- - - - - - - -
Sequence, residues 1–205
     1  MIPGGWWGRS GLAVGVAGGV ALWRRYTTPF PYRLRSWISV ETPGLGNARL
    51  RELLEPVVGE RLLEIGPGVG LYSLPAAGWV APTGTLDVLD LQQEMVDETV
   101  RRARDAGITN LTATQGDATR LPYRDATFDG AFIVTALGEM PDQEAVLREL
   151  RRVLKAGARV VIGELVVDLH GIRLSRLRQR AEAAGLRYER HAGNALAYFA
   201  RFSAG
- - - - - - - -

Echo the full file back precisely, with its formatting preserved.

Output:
Sequence, residues 1–205
     1  MIPGGWWGRS GLAVGVAGGV ALWRRYTTPF PYRLRSWISV ETPGLGNARL
    51  RELLEPVVGE RLLEIGPGVG LYSLPAAGWV APTGTLDVLD LQQEMVDETV
   101  RRARDAGITN LTATQGDATR LPYRDATFDG AFIVTALGEM PDQEAVLREL
   151  RRVLKAGARV VIGELVVDLH GIRLSRLRQR AEAAGLRYER HAGNALAYFA
   201  RFSAG